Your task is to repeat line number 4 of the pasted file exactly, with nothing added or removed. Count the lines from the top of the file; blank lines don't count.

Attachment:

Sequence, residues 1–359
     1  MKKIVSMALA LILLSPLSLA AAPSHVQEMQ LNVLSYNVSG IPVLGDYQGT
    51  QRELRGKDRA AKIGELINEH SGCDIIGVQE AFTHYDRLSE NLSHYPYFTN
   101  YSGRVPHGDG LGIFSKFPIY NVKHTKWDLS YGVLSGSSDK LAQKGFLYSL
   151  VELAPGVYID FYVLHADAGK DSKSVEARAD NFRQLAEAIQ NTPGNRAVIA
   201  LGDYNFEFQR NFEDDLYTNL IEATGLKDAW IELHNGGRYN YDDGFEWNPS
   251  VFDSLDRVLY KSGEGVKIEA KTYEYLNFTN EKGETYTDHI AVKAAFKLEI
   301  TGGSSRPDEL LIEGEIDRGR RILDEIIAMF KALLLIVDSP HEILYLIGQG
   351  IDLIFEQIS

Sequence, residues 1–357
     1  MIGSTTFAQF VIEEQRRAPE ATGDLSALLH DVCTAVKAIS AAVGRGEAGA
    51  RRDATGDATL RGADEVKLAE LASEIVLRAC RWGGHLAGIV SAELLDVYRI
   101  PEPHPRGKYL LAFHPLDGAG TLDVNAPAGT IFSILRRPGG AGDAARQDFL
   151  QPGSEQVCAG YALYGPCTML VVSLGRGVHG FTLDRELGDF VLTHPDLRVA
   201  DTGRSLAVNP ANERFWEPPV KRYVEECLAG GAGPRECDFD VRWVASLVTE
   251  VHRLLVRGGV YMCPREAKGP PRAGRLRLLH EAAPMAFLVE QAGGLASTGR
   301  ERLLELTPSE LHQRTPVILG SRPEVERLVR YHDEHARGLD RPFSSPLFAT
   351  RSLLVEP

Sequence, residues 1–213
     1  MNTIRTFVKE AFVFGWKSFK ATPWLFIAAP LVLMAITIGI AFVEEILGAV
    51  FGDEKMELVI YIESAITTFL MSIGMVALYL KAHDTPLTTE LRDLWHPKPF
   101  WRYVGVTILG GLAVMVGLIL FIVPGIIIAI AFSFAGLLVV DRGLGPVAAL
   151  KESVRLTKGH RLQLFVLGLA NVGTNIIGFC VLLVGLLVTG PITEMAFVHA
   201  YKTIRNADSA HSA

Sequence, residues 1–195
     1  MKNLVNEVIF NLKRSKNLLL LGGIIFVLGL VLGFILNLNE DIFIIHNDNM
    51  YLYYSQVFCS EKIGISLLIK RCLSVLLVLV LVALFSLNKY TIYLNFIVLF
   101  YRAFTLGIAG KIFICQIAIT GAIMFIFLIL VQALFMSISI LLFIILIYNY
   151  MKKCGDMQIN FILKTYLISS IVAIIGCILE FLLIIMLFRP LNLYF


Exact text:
   101  YSGRVPHGDG LGIFSKFPIY NVKHTKWDLS YGVLSGSSDK LAQKGFLYSL